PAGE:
Brief Note About Blog-related Stuff
There were no Peculiar Branch or Cerebus posts this week because I spent all of Thursday (from early Thursday morning til 3AM on Friday) on the council election — first campaigning and then at the count. The way the campaign went, incidentally, confirmed a lot of things I’ve been thinking for a number of years about the way our campaigns need to change, who our vote actually is, and so on. I shall probably blog about that at some point, but I want to talk to the agent on the campaign first — partly because I don’t want to seem like I’m taking credit for some of his ideas, and partly because I don’t want to give Labour two years’ advance notice of any tactics we use.
So I got an early night on Wednesday rather than do a Peculiar Branch post, and the subject for the Cerebus post (High Society, which is all about electioneering) was a bit too tender for me to write about yesterday. Those posts will be up on Monday and Tuesday instead. I will, though, be posting a Doctor Who post to Mindless Ones tonight and a Kinks post tomorrow.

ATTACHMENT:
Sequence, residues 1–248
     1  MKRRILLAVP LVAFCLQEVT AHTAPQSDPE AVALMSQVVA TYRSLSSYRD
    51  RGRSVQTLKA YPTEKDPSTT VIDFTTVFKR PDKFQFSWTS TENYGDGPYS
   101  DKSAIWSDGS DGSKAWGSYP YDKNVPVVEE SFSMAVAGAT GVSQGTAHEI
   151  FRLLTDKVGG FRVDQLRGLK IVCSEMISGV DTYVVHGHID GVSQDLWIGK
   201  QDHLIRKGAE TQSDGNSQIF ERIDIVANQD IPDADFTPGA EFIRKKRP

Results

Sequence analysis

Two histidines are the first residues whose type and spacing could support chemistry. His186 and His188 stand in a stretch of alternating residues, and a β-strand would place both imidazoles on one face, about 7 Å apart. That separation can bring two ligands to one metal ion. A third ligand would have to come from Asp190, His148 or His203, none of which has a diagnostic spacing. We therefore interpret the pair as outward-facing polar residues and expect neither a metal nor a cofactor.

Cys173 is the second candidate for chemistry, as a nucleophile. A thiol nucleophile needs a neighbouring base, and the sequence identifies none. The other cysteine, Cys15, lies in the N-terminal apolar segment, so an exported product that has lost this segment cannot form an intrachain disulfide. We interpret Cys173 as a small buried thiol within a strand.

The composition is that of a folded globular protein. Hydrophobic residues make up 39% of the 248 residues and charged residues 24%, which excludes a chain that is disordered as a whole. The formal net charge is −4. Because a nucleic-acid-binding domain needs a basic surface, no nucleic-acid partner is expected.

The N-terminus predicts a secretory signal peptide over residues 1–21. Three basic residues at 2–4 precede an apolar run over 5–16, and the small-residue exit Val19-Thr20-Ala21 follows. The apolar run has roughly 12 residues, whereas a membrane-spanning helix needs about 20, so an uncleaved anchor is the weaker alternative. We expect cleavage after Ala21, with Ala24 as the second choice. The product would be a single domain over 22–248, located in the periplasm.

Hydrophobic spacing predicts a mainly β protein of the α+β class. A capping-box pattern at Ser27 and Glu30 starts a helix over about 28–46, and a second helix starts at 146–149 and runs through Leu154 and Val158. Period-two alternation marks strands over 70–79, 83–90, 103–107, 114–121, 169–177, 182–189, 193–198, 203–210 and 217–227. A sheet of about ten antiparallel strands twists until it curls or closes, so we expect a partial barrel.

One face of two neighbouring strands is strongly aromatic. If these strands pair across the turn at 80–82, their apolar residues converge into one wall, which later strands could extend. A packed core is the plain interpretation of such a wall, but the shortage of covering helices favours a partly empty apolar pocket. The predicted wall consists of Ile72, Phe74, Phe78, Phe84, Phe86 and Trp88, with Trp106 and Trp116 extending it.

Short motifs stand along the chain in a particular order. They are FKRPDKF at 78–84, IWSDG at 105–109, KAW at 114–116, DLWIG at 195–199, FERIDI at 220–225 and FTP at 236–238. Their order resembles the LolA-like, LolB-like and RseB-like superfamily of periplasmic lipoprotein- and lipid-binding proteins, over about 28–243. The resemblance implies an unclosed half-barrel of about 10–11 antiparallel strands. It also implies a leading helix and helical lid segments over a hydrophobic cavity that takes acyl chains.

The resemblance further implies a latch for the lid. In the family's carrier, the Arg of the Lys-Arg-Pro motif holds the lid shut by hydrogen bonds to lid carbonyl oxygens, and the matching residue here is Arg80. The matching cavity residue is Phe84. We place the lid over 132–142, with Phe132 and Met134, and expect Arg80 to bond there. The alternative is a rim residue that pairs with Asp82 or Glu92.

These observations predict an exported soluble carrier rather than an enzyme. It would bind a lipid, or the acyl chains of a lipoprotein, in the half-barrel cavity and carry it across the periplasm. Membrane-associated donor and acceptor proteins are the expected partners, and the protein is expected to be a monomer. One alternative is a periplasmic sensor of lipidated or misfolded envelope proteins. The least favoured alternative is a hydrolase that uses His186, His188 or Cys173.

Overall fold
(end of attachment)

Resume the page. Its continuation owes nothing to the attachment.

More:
(Incidentally, the Kinks album I’m posting about tomorrow is one that has had accusations of racism, anti-semitism and transmisogyny levelled against it. I think that while it’s problematic, it falls on the right side of those lines. I say this now in the hope that I will pre-empt both the kind of massive comments argument that my aside in a previous post caused, and also any accusations of overlooking those problematic aspects. I’m in a weird position when it comes to things like offence, because I don’t understand it — I actually don’t think I’ve ever taken offence in my life — but I know it upsets other people. So I know the *shape* of offensiveness, but never know if it’s actually there. Thus half the time I use language that sounds like a bad right-wing parody of the worst perceived excesses of political correctness, in order to avoid causing offence inadvertantly, and the other half I sound like some crazed offspring of Jeremy Clarkson and Bernard Manning, but without their tact and sensitivity.)